In this way, the independents ended up further empowering the traditional political elites. But the elections showed that not all these elites are as comfortable as others. Crucially, while the Lebanese Forces almost doubled their number of parliamentarians in this election, the Future Movement lost a number of seats. This variation can be largely attributed to the two parties’ stance towards Hezbollah.
While the Lebanese Forces and the Future Movement were both part of the March 14 coalition that originally formed in 2005 in opposition to the Hezbollah-led March 8 coalition, the Lebanese Forces have always been consistent in their stance against Hezbollah. The Future Movement, however, entered a relationship of convenience with Hezbollah and its ally the Free Patriotic Movement that allowed Future leader Saad Hariri to become prime minister in a cabinet dominated by Hezbollah and its allies.
In this election, Hariri stunned his supporters by asking them to vote for his “friend” Gibran Bassil, the leader of the Free Patriotic Movement. This move by Hariri has not just cost him dearly at the ballot box but has also served to further empower Hezbollah, which now, with its allies, has 67 out of the 128 parliamentary seats.
The most painful loss for Hariri was in one of Beirut’s electoral districts, where Sunni seats that used to be occupied by Future Movement MPs are now claimed by pro-Hezbollah winners. The immediate reaction to this shift has been skirmishes between supporters of the two camps after Hezbollah supporters provoked Hariri supporters by covering the statue of Saad Hariri’s late father, former Prime Minister Rafik Hariri, in downtown Beirut with the Hezbollah flag and chanting “Beirut has become Shia”.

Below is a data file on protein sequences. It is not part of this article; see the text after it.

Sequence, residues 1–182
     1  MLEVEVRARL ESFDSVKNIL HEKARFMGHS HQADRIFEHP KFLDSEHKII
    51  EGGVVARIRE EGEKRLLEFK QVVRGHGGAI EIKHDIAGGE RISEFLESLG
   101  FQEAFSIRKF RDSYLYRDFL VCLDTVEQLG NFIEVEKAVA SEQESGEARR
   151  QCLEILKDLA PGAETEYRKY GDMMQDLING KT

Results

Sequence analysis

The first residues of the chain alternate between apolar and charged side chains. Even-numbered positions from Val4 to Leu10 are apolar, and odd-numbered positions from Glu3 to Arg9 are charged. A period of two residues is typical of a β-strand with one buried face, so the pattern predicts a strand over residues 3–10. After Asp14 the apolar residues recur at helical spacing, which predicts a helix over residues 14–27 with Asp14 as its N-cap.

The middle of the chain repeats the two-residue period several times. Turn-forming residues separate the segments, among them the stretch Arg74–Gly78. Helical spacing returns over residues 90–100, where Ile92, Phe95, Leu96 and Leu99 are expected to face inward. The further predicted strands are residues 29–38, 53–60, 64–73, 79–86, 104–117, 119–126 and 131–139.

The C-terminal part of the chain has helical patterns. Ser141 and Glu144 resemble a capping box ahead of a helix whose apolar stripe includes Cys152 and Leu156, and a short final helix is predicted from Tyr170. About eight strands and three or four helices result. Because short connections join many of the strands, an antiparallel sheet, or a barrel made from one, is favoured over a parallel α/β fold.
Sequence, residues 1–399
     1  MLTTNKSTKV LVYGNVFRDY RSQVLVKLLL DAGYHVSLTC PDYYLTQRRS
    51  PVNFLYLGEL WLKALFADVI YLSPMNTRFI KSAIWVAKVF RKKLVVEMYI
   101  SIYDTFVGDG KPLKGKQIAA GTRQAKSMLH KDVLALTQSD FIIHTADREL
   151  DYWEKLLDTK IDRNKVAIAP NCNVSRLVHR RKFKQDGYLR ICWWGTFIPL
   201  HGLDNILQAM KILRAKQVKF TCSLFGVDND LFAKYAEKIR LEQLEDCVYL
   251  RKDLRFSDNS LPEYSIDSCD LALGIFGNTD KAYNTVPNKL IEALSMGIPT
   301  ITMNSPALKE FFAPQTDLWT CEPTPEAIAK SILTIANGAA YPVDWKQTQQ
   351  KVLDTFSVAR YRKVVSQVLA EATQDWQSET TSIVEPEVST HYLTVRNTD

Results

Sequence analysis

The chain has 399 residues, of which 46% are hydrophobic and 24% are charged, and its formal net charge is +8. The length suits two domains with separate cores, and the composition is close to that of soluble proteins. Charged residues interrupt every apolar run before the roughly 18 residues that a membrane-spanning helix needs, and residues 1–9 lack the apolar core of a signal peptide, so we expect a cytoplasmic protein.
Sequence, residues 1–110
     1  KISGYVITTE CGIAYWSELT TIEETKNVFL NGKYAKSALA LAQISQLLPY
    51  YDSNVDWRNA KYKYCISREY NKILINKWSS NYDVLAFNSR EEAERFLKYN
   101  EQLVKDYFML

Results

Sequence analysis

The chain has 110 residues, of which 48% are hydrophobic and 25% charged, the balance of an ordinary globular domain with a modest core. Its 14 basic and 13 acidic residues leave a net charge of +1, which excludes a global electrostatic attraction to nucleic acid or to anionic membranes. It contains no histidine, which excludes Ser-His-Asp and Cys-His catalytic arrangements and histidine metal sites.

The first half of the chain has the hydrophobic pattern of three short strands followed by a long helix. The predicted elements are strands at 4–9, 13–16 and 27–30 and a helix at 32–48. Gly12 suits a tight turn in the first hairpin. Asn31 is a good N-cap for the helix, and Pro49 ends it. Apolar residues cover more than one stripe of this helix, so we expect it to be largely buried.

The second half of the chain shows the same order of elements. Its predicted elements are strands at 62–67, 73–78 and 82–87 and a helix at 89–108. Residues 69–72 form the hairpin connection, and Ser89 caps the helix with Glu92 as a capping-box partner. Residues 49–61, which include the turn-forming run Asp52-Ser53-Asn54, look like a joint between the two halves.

This sectarian chant is a sign of things to come, as Hezbollah continues its rise as the most powerful political party in Lebanon, enabled by various intimidation tactics that included assault on Shia candidates running as independents in Hezbollah strongholds.
Lebanon emerges from this election with a small glimmer of hope represented by the lone independent candidate who managed to infiltrate the status quo. But the bigger picture is gloomy, with the only credible political bloc challenging Hezbollah in parliament being the Lebanese Forces, who can no longer count on Hariri as an ally, and therefore are limited in what they can achieve.
The many uncomfortable bedfellows who formed joint lists in this election on a tit-for-tat basis, such as that of the Future Movement and the Free Patriotic Movement, are a reminder that the biggest winner in the Lebanese election is its corrupt status quo.
The views expressed in this article are the author’s own and do not necessarily reflect Al Jazeera’s editorial stance.